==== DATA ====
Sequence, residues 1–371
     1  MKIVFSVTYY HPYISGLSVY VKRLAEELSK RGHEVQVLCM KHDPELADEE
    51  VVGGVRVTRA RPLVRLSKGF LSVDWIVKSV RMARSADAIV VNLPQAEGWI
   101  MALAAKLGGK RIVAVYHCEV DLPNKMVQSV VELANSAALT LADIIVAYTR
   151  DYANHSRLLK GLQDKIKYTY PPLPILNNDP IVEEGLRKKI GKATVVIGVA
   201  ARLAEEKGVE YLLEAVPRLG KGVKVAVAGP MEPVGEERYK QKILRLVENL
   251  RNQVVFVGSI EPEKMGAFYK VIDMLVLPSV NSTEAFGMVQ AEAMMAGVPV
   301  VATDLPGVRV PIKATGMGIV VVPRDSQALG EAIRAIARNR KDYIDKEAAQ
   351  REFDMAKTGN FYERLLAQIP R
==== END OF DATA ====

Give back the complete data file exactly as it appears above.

Sequence, residues 1–371
     1  MKIVFSVTYY HPYISGLSVY VKRLAEELSK RGHEVQVLCM KHDPELADEE
    51  VVGGVRVTRA RPLVRLSKGF LSVDWIVKSV RMARSADAIV VNLPQAEGWI
   101  MALAAKLGGK RIVAVYHCEV DLPNKMVQSV VELANSAALT LADIIVAYTR
   151  DYANHSRLLK GLQDKIKYTY PPLPILNNDP IVEEGLRKKI GKATVVIGVA
   201  ARLAEEKGVE YLLEAVPRLG KGVKVAVAGP MEPVGEERYK QKILRLVENL
   251  RNQVVFVGSI EPEKMGAFYK VIDMLVLPSV NSTEAFGMVQ AEAMMAGVPV
   301  VATDLPGVRV PIKATGMGIV VVPRDSQALG EAIRAIARNR KDYIDKEAAQ
   351  REFDMAKTGN FYERLLAQIP R